"If I Ever Get Out of Here," Eric Gansworth's first novel for young people, rings true with a sophisticated look at what it's like to be an outsider and what it takes to be a true friend.
Lewis Blake has precious little going for him in school; he's smart, sure. But he's super skinny, essentially friendless, his family is dirt poor, and he's from the "rez" in an area that routinely treats his Tuscarora Reservation community with disdain — or worse.
The friendship part starts to change with the arrival at school of George, an Air Force kid. Lewis and George share the same experiences many adolescent pals do: eagerness to learn about girls, sneaked beers, campouts. And in their case a mad crush on Beatles music, a passion also shared by George's dad.
While friendship is a common theme in kids' books, Gansworth's perspective gives it a fresh spin. The author, a professor of English at Canisius College in Buffalo, N.Y., is a member of the Onondaga Nation and was born and raised on the Tuscarora Reservation. He pulls in elements such as race, poverty and power in ways that are compelling and honest. Just as many Americans have recently been forced to confront their own reactions to race, some of the characters are forced to question their beliefs.
Chapters cleverly take their titles from songs from the Beatles or from Paul McCartney's later work; in fact, the book's title comes from a Wings lyric in "Band on the Run." There's also plenty of humor in the drama of getting through what surely must be the worst period of life, junior high (and it's pitched just right for its audience, 12 and older).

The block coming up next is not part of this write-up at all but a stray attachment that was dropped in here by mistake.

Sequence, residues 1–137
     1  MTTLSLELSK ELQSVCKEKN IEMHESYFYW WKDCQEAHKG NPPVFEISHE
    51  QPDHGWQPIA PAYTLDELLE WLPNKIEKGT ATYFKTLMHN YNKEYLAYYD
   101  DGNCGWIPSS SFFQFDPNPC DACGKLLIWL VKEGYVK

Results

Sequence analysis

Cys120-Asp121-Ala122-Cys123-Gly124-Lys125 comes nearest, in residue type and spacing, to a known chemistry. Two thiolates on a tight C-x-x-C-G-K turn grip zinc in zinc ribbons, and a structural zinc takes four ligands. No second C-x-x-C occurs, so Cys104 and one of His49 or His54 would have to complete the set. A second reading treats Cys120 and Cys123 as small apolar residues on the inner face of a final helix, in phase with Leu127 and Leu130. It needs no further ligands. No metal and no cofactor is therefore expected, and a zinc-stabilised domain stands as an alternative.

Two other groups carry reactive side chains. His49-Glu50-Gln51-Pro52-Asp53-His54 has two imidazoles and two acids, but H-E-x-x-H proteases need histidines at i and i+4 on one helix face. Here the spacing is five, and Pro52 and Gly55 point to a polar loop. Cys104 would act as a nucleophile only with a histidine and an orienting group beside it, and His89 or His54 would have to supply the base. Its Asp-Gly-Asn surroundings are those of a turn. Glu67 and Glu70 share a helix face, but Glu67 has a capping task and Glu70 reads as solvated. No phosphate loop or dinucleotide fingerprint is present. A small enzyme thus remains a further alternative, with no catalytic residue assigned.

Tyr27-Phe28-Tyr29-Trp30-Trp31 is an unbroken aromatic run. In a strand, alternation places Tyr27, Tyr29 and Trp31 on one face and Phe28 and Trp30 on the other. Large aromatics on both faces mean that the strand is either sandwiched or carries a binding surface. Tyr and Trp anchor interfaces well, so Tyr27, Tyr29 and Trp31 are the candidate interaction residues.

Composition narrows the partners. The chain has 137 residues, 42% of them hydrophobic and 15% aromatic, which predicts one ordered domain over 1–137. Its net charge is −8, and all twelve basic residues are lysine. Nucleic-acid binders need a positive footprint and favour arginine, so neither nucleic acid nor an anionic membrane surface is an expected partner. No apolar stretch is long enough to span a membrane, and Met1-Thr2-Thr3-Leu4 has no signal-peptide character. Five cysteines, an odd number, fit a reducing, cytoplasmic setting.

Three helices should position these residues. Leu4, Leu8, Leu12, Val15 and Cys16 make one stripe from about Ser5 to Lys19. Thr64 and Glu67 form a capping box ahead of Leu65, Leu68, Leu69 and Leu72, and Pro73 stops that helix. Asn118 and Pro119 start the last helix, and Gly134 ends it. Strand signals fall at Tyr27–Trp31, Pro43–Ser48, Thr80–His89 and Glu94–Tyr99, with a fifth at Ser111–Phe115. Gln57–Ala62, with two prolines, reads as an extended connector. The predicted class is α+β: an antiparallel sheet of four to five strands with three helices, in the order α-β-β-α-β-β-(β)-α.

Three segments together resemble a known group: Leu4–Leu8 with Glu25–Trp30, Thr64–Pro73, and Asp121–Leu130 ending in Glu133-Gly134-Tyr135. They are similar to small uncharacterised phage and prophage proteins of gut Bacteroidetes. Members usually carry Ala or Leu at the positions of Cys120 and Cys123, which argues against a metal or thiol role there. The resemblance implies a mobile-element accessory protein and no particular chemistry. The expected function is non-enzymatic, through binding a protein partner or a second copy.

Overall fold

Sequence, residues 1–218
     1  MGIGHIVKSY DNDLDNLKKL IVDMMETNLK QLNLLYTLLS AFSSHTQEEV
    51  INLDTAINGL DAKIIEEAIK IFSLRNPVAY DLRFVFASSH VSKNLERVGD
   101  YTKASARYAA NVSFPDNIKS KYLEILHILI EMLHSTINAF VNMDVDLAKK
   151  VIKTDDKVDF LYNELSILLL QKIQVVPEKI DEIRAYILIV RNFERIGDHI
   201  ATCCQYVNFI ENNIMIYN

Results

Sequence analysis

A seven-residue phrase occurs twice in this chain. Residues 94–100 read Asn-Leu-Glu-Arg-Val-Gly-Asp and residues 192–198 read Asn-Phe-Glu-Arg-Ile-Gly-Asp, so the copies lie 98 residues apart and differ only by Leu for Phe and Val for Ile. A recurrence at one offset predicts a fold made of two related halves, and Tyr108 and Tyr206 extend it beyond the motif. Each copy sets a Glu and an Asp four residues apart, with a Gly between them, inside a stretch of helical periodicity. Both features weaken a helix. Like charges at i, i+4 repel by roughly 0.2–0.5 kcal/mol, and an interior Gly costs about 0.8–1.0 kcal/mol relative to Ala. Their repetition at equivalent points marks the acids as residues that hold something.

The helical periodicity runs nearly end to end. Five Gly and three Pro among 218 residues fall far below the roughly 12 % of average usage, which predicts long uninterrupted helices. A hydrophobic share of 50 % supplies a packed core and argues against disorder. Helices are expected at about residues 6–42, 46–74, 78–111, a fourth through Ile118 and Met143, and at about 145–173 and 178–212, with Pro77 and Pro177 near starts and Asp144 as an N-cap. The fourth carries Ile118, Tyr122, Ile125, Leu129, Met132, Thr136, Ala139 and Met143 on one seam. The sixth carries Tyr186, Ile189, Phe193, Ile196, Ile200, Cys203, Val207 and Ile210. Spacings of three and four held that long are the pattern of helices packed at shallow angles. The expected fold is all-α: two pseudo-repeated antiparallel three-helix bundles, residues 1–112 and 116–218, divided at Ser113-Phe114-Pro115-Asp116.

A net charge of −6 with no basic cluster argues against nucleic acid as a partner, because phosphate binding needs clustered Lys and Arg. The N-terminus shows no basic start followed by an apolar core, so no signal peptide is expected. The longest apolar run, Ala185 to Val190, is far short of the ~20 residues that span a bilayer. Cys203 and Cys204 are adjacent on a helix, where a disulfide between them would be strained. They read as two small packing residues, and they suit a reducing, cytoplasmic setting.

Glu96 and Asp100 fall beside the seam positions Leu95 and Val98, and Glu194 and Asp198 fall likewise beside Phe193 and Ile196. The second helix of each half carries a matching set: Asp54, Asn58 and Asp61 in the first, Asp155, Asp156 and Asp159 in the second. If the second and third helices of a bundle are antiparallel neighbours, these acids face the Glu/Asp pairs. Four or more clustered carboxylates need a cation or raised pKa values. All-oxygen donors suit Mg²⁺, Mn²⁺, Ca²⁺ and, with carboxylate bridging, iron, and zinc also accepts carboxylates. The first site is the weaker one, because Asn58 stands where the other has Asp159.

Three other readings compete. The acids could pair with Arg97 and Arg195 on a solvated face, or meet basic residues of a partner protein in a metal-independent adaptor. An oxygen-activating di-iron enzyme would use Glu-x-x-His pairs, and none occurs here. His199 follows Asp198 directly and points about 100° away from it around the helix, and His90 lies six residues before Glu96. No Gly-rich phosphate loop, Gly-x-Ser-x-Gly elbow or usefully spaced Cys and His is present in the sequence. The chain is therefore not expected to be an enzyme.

George is a strong, fair kid, appealing in his own right. When his family moves to the military base near Lewis' home, he comes to school none too fussy about who his friends will be — as an Air Force kid who moves all the time, he can't afford to take long to find friends. He ignores this advice about Lewis from a classmate: "This kid's an Indian. Stay away from him too. More trouble." Of course, George is something of a misfit too.
The boys come from loving families, but sometimes kids have to figure their own way. Lewis maturely sums up his own situation: "I could believe all I wanted that offering a reasonable explanation to someone in power would set the world right, that rules were in place so everyone was treated equally. But the truth was, no one was ever treated equally."
Lewis also lives under the wrath of a wretched school bully, Evan, who assaults him almost daily for a time until Lewis learns the value of civil disobedience. And George, plenty big enough to fight Evan but reluctant to do so, learns his own lessons from the situation.
The deeper the friendship grows between the boys, the harder it becomes for them to live with the lies they tell each other. For example, Lewis from the start cannot imagine inviting George to his tumble-down mess of a home. ("It was probably true that … it would take a natural disaster to crash around us all before he would ever be able to come over to my house, but I didn't care.")
And that's just the start of the secrets they keep from each other, though of course they — as well as many of the people who love them — must confront what they hide before the book is done.
More than just engaging, "If I Ever Get Out of Here" is the sort of book that can spark all kinds of meaningful conversation.
If I Ever Get Out of Here
Arthur A. Levine/Scholastic: 368 pp., $17.99, ages 12 and older
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